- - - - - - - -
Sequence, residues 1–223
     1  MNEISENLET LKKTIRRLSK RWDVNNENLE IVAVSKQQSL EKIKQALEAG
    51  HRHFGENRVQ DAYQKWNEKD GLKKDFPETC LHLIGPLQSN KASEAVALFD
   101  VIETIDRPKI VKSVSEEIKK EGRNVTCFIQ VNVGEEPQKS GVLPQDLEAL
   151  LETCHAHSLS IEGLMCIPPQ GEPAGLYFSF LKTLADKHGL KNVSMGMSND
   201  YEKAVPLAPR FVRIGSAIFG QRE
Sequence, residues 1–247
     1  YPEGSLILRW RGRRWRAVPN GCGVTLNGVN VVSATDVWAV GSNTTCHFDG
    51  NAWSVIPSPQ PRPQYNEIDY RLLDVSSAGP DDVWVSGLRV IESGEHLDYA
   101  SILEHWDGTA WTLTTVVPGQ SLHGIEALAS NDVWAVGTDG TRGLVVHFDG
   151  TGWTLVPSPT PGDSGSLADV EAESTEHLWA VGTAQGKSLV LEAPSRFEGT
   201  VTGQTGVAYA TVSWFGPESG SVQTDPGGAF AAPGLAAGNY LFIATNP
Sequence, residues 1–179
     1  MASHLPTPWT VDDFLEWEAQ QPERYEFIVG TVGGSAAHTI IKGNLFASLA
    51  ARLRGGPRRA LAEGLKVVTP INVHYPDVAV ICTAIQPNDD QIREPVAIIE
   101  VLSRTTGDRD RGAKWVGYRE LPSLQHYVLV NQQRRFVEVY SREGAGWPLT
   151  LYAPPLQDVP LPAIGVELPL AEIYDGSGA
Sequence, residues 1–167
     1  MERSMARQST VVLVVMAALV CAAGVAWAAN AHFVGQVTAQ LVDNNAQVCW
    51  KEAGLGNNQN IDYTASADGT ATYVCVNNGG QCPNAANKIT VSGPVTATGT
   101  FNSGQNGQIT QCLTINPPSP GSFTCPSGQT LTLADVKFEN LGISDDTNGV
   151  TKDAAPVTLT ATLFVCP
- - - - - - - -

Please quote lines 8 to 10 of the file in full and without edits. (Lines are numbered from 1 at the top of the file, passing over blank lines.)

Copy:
     1  YPEGSLILRW RGRRWRAVPN GCGVTLNGVN VVSATDVWAV GSNTTCHFDG
    51  NAWSVIPSPQ PRPQYNEIDY RLLDVSSAGP DDVWVSGLRV IESGEHLDYA
   101  SILEHWDGTA WTLTTVVPGQ SLHGIEALAS NDVWAVGTDG TRGLVVHFDG